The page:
Benjamin Millepied / Maurice Béjart - Ballet - Season 17/18 Programming - Opéra national de Paris

  • Ballet

    Benjamin Millepied /​ Maurice Béjart

    Opéra Bastille - from 24 February to 24 March 2018

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Benjamin Millepied /​ Maurice Béjart

Opéra Bastille - from 24 February to 24 March 2018


Benjamin Millepied /​ Maurice Béjart

Opéra Bastille - from 24 February to 24 March 2018

1h45 with 1 interval

  • Pre-opening : 23 February 2018

    Opening night : 24 February 2018


In few words:

This Ravel evening brings together two ballets on the themes of love and seduction. Whilst one of them – virtuoso and colourful – displays fluid classical lines, the other – all in red and black – is stark but seething with eroticism. In Daphnis and Chloé (2014), with sets and costumes by Daniel Buren, Benjamin Millepied recounts how love between a shepherd and a shepherdess triumphs over temptations and threats. In Maurice Béjart’s Boléro (1961), a soloist captivates his audience from the top of a table. Transported by the heady rhythms of Ravel’s score, the performer compellingly draws the rest of the group into the dance.


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Audio clips

Benjamin Millepied / Maurice Béjart

— By In partnership with France Musique

Boléro - Maurice Béjart

— By In partnership with France Musique

Boléro - Maurice Béjart (extrait 2)

— By In partnership with France Musique

Daphnis et Chloé - Benjamin Millepied

— By In partnership with France Musique


  • A Master for the present


    A Master for the present

  • Podcast Benjamin Millepied / Maurice Béjart


    Podcast Benjamin Millepied / Maurice Béjart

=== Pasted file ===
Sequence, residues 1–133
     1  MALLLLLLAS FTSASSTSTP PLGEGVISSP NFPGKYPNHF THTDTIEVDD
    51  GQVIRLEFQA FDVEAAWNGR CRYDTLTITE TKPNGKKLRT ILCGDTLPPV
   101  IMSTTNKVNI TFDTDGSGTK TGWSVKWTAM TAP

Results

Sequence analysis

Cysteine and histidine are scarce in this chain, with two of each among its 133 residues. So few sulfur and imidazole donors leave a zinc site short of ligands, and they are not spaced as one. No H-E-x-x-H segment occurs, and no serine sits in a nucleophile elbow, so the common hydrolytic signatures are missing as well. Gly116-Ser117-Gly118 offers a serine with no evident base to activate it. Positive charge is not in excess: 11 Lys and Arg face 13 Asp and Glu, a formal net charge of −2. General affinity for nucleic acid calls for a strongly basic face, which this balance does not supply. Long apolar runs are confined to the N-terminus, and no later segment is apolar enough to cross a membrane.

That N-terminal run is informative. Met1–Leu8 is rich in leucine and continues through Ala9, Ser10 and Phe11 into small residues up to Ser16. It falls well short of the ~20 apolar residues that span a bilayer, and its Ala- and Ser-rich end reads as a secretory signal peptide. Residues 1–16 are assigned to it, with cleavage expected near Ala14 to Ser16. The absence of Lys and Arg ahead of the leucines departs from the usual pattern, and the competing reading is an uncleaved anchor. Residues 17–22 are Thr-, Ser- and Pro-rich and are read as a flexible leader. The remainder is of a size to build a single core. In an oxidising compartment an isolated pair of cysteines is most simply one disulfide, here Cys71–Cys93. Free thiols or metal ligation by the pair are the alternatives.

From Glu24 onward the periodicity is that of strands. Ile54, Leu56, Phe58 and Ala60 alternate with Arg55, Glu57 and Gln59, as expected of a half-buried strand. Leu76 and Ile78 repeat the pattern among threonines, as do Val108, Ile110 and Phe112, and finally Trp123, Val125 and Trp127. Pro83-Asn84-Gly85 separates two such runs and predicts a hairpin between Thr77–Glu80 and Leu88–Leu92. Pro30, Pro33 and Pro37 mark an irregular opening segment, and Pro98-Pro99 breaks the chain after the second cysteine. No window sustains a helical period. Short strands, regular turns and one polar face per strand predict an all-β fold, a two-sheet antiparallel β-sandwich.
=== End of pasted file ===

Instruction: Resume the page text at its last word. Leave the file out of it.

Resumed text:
• The Clearing


    The Clearing

  • Ravel’s Bolero: from stage to screen


    Ravel’s Bolero: from stage to screen

  • Choreographic Symphony


    Choreographic Symphony

© Colette Masson / Roger-Viollet

A Master for the present


A Master for the present

Maurice Béjart and the Paris Opera


By Gérard Mannoni

As bewitching as the very first day, Maurice Béjart’s Boléro, is a most unusual “case”. The central role (the Melody) can be denced by either a man or a woman whilst a group of dancers interpret the Rhythm. First performed on January 10, 1961 at the Théâtre Royal de La Monnaie in Brussels, the ballet entered the Paris Opera’s repertoire in 1970. At the premiere performance, it was a ballerina (Duska Sifnios) who danced the principal role, surrounded by men. Since then, the versions have alternated. During his final visit to the Paris Opera in 2006 for a programme created in his honour, Maurice Béjart reflected on the emblematic ballet and its particular relationship with the Company.

Could we consider Boléro to be a timeless work?

Maurice Béjart: I’ve never really paid much attention to the passage of time. It’s odd. I’ve never looked at people according to their age and I never ask myself whether they are younger or older. When it comes to dates, I can be off by twenty years. It’s a source of much amusement to the people around me, but I’ve never been focused on the idea of time passing, nor the passage of years. Celebrating January 1st or the new year seems pointless to me. I know that I have created a significant number of ballets, some better, some worse, but I forget from when they date and from which period they correspond. That said, there is a strong bond with my performers. Even those ike Boléro that have been interpreted by many different dancers, for me remain a ballet for one person. The dancer is paramount. I create for him or her, and not for myself. I think that’s why dancers, from the most inexperienced to the most famous, have always liked working work with me.

When you revisit a work from your repertoire, what is more important to you, the work itself or the way the new performers appropriate it?

A little bit of both. However, the overwhelming presence of the dancer who first performed it remains. It is he or she who embodies the steps, the movement. He/she is its soul. The ballet evolves because, for example, we’ve gone from Duska Sifnios to Jorge Donn—a change in gender and era—but at the same time, it’s exactly the same Boléro.

Duska Sifnios, lors de la création de Boléro en mai 1961, Théâtre des Nations
Duska Sifnios, lors de la création de Boléro en mai 1961, Théâtre des Nations © Boris Lipnitzki / Roger-Viollet

You’ve said that even your less-successful works, or those you no longer like, have never seemed pointless to you because, at the very least, they served as a sort of reservoir of ideas for you. Is that still true?